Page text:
After his mother passes away, Will decides to return home to Medicine River, Alberta. Once there he meets up again with Harlen Bigbear and his life is never the same.
Harlen knows everyone and doesn't mind adding his helpful suggestions in any situation. He introduces Will to all his relations on the reserve as well as dozens of others. Harlen is not content to sit back and watch others live their lives, he wants to be part of them, he wants to help. This gets Will involved with many more members of the community. It doesn't take long for Will to become an integral part of the society.
Mr. King has a wonderful story telling ability. He takes ordinary, everyday events and turns them into occasions. When Will and Harlen are looking for a gift for South Wing, they could have driven straight to Martha Oldcrow's. But no, add the adventure of going off roading, stripping and wading across the river, and now you have a story worth repeating for generations. Did I forget about Will dunking Harlen?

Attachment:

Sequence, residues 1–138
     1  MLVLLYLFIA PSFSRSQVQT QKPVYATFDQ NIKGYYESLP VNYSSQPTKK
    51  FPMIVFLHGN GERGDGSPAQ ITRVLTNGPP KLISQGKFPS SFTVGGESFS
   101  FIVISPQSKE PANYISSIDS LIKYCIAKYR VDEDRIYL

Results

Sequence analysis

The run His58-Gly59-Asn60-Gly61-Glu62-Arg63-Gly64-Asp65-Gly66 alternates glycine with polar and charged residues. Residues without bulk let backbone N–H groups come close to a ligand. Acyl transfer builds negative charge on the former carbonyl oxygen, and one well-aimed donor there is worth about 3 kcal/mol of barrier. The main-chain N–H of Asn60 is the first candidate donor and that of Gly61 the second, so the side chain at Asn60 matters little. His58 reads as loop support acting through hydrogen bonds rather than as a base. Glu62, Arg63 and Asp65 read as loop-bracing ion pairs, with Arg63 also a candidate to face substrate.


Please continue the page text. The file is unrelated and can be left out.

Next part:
My favourite part of the novel occurs when Harlen convinces Will to offer a "special" for family portraits. When he agrees to do Joyce Blue Horn's family photo, he's figuring on wife, husband and kids. By the time the Shoot is completed it has included an excursion to the river where the 50+family members, including the newly "adopted to the family" Will. I can just imagine the conversation and how this simple photo steam rolled into such an event.
Interesting story telling technique Mr. King didn't go beginning to end, rather he jumped all around. Giving little tidbits that left me hungering for more. It's hard to put down a book that keeps teasing you with little details.
My second book for the 2nd Canadian Book Challenge.
Richard's review at Book Addiction